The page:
Neal said she would like to believe poor students would benefit from oil riches. But the experience of developing nations such as Nigeria, where multinationals and corrupt officials pocketed most of wealth, has her fearing the worst.

“We are between the devil and the deep blue sea.”

Page 8 STAR Tel: 667-7827 Email: Sunday, October 21, 2007


The Belize Association of


Contact: Jim Cavanaugh,

Coordinator Phone:

804-4432/602-0236 FOR


CAYO, Belize, October 17,


Belizean landowners are being illegally pressured by oil companies with the help of the Minister of Natural Resources to sign agreements that are taking unfair advantage of Belizean landowners. Belize Natural Energy and West Bay Exploration, both oil companies controlled by Alex Cranberg of Denver, Colorado, have had the Minister improperly intimidate landowners when his oil companies do not get what they want.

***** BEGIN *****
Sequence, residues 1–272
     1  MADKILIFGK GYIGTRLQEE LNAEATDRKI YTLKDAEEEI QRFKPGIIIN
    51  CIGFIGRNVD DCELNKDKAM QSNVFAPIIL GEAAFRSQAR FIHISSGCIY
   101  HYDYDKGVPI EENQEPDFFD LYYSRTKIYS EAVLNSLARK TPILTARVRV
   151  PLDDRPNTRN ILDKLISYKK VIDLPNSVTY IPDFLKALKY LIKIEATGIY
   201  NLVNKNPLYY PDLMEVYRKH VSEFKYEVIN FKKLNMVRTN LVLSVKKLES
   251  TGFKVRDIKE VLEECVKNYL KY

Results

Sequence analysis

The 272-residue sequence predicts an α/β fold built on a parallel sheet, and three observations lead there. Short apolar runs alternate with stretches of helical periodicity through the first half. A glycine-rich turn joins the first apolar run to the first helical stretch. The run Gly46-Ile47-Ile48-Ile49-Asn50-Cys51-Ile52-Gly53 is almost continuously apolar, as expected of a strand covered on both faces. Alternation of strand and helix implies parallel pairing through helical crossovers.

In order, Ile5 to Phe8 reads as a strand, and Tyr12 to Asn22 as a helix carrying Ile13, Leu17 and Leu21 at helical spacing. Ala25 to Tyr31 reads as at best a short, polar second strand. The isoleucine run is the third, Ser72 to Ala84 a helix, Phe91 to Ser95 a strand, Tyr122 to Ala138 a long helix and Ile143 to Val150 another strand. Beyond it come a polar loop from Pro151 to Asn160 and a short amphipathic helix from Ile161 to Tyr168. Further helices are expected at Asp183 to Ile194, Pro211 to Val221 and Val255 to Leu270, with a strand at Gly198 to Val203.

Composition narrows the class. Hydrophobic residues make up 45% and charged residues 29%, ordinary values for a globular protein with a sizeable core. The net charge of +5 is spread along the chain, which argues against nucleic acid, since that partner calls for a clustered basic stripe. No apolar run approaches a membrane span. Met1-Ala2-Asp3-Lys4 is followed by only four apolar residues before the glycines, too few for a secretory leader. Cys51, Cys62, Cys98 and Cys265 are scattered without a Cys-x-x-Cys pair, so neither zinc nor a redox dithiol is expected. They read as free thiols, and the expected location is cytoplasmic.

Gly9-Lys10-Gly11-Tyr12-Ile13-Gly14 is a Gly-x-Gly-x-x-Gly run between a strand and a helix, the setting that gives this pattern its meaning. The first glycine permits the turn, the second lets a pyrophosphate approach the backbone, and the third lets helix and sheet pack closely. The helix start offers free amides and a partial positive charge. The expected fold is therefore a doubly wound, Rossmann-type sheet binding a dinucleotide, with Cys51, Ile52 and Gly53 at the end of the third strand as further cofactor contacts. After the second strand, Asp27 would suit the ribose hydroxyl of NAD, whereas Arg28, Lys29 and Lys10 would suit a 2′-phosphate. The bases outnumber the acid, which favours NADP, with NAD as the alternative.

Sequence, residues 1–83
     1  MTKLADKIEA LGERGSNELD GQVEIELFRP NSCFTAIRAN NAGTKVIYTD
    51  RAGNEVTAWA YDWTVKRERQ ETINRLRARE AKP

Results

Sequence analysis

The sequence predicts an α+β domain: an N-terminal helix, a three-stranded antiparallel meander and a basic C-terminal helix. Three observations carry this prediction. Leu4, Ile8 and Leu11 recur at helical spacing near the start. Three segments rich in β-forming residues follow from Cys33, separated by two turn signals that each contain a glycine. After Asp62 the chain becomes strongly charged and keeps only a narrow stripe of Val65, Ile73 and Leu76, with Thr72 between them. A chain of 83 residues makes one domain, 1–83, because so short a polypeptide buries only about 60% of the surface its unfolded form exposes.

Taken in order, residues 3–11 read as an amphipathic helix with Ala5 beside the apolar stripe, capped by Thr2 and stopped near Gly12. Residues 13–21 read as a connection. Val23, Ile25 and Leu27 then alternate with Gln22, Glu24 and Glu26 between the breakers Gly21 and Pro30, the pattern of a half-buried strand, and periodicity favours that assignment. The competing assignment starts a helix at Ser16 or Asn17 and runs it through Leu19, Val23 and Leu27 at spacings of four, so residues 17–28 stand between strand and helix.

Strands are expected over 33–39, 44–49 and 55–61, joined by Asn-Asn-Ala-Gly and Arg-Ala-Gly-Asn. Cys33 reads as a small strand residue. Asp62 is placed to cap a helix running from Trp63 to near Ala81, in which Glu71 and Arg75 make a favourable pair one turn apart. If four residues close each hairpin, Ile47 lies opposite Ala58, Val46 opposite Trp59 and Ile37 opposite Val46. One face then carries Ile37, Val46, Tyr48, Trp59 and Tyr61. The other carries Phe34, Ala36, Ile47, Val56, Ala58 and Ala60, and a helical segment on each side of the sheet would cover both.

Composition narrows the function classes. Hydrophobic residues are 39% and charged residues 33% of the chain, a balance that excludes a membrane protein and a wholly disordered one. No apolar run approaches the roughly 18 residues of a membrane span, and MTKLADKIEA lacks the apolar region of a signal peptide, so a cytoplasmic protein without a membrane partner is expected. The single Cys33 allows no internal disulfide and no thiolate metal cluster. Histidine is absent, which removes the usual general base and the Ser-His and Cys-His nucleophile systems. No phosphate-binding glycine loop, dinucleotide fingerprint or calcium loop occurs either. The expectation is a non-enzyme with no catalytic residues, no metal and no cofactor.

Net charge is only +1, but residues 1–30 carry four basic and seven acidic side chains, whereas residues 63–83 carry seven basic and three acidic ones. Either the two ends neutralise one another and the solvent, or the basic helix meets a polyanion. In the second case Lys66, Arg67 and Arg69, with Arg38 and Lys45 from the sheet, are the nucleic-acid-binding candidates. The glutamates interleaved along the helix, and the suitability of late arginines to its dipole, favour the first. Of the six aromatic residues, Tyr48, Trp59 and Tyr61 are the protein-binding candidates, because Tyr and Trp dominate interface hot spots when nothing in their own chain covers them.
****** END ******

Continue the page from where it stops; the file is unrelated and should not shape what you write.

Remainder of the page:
The new Petroleum Law very clearly requires that an oil company must negotiate a contract with the landowner or legal occupier before they can enter private land for oil activities. The purpose of the negotiations are to establish the amount of compensation for landowners for any interference and disturbance of the landowner’s activities, and all actual damages that may occur to crops, structures, roads, fences and the like. The law provides that if the landowner and oil company can not agree on the compensation, they must go to arbitration and resolve the agreement. Another provision of the Petroleum states that, if a landowner is unreasonable and wont let the oil company use their land, the Minister can issue an Order forcing the landowner to allow the oil company access. So what has been happening is Cranberg’s companies use very heavy handed tactic by telling the landowners what they are “entitled” to, and if they don’t agree the oil company will just have the Minister claim the landowner is “unreasonable” and order the oil activities to proceed. Period! That is not much of a negotiation. Cranberg has set up his own rules and implies his companies have the Minister in their pocket,